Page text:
We were all affected and inspired by Olympic fervor and it was a proud moment for Mongolia when a Mongolian woman wrestler, two judokas and two boxers won a total of five medals at the 2012 London Olympics.Wherever I went people were talking about the judokas and boxers at the Olympics in London. People were watching TV and encouraging and cheering them on in many clubs and pubs.
Mongolia is a country where almost “every man is born a natural wrestler” and the traditional nomadic lifestyle ensures that every boy becomes a well trained horseman- which requires a lot of ability, strength and balance. For Mongolians the words “horse” and “wrestler” denote national pride.
“Congrats.You have made your country proud. We are proud of you!” Such Facebook posts over the past weeks have struck an emotional chord in us.We were even happier when Tuvshinbayar Naidan, the judoka and winner of the gold medal for Men’s Judo at the Beijing Olympics 2008 won a silver this time in London. With his earlier victory in Beijing, Tuvshinbayar had become a symbol – a messenger for peace and unity- for all Mongolians.That was indeed a proud moment for the country as it was the first time ever that Mongolia bagged a gold at the Olympics.
Five people were killed in the July 1st riot following the parliamentary elections in Mongolia in July 2008, and the aftermath looked grim and troubled. Fortunately, the first gold medal that year in Beijing gave us a chance to change the outlook. The blissful moments of the Olympics which all Mongolians experienced removed the clouds of political disappointment in just a few weeks. Disagreement and political distrust were eliminated by a powerful wave of hope for better change. A sense of national pride, peace and unity prevailed again amongst the people. Citizens assembled in Sukhbaatar Central Square spontaneously-with no one calling on them to do so. Cars fluttered the Mongolian flag as they drove past. There was an air of jubilation among the young people.
That Olympic victory was a glorious time for Mongolia. The Olympic winners celebrated by dancing and singing in the same place that just a few weeks ago had seen armoured vehicles threatening people. Even opposition party leaders came out and held each other’s hands in front of the crowds and some of them were even high and merry on alcohol – it looked like they had never really hated each other. Ever since that time, political distrust is gradually dissipating as people want more peace.
This year Mongolia won five medals in London. Battsetseg Soronzonbold was the only women from Mongolia to win a medal, taking bronze in women’s freestyle wrestling this year and making us proud. Togstsogt Nyambayar and Munkh-Erdene Uranchimeg took a silver and bronze medal respectively in men’s boxing. And Tushinbayar Naidan and Nyam-Ochir Sainjargal won a silver and bronze in judo.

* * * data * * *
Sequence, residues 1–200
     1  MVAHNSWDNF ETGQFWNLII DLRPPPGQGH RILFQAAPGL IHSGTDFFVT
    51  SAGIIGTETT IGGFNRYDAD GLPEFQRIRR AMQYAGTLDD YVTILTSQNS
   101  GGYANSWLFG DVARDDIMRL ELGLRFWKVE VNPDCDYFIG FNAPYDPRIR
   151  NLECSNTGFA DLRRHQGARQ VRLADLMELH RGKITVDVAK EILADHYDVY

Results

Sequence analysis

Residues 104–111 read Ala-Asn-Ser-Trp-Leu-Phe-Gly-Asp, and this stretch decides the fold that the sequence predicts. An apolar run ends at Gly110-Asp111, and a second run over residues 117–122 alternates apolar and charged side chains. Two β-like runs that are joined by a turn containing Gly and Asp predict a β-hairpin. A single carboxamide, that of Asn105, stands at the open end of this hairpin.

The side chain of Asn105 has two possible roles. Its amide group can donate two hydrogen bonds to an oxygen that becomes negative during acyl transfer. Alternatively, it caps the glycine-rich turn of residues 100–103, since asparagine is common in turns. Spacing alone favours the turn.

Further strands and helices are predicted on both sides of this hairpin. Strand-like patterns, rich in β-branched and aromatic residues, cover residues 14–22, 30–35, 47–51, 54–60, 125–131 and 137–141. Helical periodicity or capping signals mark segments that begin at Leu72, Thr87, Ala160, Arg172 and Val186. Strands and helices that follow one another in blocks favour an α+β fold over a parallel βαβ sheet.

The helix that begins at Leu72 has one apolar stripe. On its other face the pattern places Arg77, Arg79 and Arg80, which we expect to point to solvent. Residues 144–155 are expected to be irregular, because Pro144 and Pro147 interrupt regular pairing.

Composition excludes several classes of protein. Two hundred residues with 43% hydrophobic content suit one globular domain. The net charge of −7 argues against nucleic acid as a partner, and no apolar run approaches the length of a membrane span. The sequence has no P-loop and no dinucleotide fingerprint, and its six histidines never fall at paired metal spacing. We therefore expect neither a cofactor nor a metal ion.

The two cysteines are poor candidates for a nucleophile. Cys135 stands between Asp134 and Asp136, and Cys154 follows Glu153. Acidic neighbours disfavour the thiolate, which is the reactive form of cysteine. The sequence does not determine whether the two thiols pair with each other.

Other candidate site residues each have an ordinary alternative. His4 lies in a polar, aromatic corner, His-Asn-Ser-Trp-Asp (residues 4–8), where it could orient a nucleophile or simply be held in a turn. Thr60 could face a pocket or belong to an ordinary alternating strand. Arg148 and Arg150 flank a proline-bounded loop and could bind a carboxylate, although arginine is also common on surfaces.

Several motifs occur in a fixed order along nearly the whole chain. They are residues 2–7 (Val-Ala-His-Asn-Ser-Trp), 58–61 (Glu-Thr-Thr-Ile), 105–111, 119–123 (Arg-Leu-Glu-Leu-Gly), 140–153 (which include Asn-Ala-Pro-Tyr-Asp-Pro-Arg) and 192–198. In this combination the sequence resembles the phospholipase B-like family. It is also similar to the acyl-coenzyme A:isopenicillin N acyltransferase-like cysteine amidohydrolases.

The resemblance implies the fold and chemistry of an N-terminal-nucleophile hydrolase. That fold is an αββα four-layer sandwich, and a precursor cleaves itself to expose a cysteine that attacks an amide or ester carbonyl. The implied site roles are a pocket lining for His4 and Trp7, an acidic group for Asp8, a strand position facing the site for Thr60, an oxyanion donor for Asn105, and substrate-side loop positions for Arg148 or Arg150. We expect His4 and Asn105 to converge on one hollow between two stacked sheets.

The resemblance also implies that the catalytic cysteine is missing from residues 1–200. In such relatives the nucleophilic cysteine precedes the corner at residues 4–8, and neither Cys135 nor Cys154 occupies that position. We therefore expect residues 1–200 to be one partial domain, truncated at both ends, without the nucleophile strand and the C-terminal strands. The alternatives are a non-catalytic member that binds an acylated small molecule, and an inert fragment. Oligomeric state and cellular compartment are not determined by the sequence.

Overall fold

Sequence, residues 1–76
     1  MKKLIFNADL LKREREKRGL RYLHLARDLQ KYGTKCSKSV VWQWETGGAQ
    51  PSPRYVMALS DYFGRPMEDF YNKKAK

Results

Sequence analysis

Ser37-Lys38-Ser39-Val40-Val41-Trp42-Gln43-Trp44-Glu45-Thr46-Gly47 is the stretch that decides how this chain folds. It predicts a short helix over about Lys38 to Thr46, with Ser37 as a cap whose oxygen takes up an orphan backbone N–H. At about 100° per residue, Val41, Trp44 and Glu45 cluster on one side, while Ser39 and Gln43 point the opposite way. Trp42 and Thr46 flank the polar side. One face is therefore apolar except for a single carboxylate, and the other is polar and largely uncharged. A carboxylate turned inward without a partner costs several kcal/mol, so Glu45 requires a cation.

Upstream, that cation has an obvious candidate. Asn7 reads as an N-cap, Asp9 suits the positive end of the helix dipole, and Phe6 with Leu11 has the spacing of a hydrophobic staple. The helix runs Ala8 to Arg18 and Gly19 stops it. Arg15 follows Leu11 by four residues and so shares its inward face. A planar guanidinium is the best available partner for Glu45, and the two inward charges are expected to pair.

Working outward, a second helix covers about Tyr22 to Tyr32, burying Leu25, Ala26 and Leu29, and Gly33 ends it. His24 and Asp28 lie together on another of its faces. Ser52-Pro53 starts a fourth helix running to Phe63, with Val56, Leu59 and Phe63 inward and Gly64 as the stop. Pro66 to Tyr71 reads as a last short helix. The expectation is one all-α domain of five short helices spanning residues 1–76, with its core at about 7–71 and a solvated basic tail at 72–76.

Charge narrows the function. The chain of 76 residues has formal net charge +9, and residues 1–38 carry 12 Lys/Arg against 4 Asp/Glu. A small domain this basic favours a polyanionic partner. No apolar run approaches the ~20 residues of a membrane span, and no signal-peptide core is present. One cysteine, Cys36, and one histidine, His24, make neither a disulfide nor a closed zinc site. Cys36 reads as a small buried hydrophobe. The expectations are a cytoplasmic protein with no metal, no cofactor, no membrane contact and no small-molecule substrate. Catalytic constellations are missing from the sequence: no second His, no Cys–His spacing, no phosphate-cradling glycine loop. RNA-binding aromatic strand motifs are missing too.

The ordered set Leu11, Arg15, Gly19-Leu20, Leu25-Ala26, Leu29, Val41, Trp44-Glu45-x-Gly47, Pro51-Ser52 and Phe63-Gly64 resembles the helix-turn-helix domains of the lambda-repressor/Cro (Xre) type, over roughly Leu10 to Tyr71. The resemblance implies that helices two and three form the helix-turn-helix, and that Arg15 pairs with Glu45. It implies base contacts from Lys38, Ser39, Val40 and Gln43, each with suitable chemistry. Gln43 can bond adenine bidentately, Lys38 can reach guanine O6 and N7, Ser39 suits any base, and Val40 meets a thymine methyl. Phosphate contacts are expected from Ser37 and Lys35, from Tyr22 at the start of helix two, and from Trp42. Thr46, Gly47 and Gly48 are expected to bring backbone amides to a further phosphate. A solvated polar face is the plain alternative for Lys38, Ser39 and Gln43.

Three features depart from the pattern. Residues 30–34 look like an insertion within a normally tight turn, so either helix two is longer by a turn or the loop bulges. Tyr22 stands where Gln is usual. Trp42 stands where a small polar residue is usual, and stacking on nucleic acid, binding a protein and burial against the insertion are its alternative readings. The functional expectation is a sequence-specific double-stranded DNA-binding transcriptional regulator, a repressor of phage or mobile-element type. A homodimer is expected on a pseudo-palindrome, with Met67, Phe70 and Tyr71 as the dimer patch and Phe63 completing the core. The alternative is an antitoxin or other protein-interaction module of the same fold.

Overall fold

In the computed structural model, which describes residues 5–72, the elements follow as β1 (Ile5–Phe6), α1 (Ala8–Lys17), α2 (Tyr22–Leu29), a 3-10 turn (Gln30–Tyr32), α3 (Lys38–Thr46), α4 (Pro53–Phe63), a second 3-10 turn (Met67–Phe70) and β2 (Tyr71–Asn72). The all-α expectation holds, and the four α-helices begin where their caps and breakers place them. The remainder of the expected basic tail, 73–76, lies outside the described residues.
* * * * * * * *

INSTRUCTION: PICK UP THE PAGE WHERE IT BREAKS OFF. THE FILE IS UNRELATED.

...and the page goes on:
There is hardly a boy who has not tried wrestling when he was young. Archery, horse racing and Mongolian wrestling are an inseparable part of our traditional culture related to the nomadic Mongolian lifestyle. Translated as the “three games of men” or Eriin Gurvan Nadaam celebrated by our ancestors from ancient times.
Time has changed the meaning of the “three games of men”, however, and the male dominated Naadam festival has been modernized by allowing the participation of girls and women and is now a famous festival celebrating the nomadic culture of all Mongolian nationalities. If you come to Mongolia during Naadam, you can see boy and girl child jockeys riding horses and men and women competing in archery.
Nowadays the Naadam festival is held throughout the country during the midsummer holidays. It provides an opportunity for the political elite and the ordinary people, the herders and the urbanites, to come together and reaffirm their common Mongolian identity and culture.
Sports is something that unites Mongolians and instills in them a sense of patriotic pride. It is also directly related to economic development. While other nations might be in recession Mongolia is experiencing an economic boom. And this prosperity has made sufficient funds available for training of the athletes. And why not? For a nation so proud of its traditional sporting activities and also being naturally blessed with sports “in the genes”, we can definitely make it better. What better opportunities are there than modern sporting events such as the Olympics to encourage participation and victory for Mongolians!